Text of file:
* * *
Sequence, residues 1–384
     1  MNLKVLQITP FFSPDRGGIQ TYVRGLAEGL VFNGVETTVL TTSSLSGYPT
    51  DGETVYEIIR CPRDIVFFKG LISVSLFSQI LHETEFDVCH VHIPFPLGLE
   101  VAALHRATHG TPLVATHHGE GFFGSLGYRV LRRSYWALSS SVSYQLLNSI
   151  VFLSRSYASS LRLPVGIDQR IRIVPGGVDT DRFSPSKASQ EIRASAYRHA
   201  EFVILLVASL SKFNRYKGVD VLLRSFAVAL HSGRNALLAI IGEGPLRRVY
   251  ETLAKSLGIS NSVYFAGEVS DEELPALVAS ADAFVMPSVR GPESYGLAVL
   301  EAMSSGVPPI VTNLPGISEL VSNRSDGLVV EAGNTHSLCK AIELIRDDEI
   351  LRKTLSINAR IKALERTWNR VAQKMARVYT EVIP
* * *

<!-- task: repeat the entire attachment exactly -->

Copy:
Sequence, residues 1–384
     1  MNLKVLQITP FFSPDRGGIQ TYVRGLAEGL VFNGVETTVL TTSSLSGYPT
    51  DGETVYEIIR CPRDIVFFKG LISVSLFSQI LHETEFDVCH VHIPFPLGLE
   101  VAALHRATHG TPLVATHHGE GFFGSLGYRV LRRSYWALSS SVSYQLLNSI
   151  VFLSRSYASS LRLPVGIDQR IRIVPGGVDT DRFSPSKASQ EIRASAYRHA
   201  EFVILLVASL SKFNRYKGVD VLLRSFAVAL HSGRNALLAI IGEGPLRRVY
   251  ETLAKSLGIS NSVYFAGEVS DEELPALVAS ADAFVMPSVR GPESYGLAVL
   301  EAMSSGVPPI VTNLPGISEL VSNRSDGLVV EAGNTHSLCK AIELIRDDEI
   351  LRKTLSINAR IKALERTWNR VAQKMARVYT EVIP